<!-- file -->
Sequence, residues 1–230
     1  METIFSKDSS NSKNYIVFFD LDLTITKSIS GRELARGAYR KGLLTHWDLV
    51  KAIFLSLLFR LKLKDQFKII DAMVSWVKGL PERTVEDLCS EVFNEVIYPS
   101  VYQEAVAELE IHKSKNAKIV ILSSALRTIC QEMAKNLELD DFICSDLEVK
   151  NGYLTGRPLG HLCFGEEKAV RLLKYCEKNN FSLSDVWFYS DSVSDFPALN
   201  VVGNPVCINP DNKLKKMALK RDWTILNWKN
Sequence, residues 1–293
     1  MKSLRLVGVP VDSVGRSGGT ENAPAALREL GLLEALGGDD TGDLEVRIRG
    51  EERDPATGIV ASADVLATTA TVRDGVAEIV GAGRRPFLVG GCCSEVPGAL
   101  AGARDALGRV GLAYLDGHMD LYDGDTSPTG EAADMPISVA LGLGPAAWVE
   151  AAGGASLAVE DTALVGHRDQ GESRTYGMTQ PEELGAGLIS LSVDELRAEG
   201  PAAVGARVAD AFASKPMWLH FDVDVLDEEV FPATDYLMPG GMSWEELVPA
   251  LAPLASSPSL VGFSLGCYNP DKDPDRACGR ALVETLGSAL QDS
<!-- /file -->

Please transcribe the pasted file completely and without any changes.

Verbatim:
Sequence, residues 1–230
     1  METIFSKDSS NSKNYIVFFD LDLTITKSIS GRELARGAYR KGLLTHWDLV
    51  KAIFLSLLFR LKLKDQFKII DAMVSWVKGL PERTVEDLCS EVFNEVIYPS
   101  VYQEAVAELE IHKSKNAKIV ILSSALRTIC QEMAKNLELD DFICSDLEVK
   151  NGYLTGRPLG HLCFGEEKAV RLLKYCEKNN FSLSDVWFYS DSVSDFPALN
   201  VVGNPVCINP DNKLKKMALK RDWTILNWKN
Sequence, residues 1–293
     1  MKSLRLVGVP VDSVGRSGGT ENAPAALREL GLLEALGGDD TGDLEVRIRG
    51  EERDPATGIV ASADVLATTA TVRDGVAEIV GAGRRPFLVG GCCSEVPGAL
   101  AGARDALGRV GLAYLDGHMD LYDGDTSPTG EAADMPISVA LGLGPAAWVE
   151  AAGGASLAVE DTALVGHRDQ GESRTYGMTQ PEELGAGLIS LSVDELRAEG
   201  PAAVGARVAD AFASKPMWLH FDVDVLDEEV FPATDYLMPG GMSWEELVPA
   251  LAPLASSPSL VGFSLGCYNP DKDPDRACGR ALVETLGSAL QDS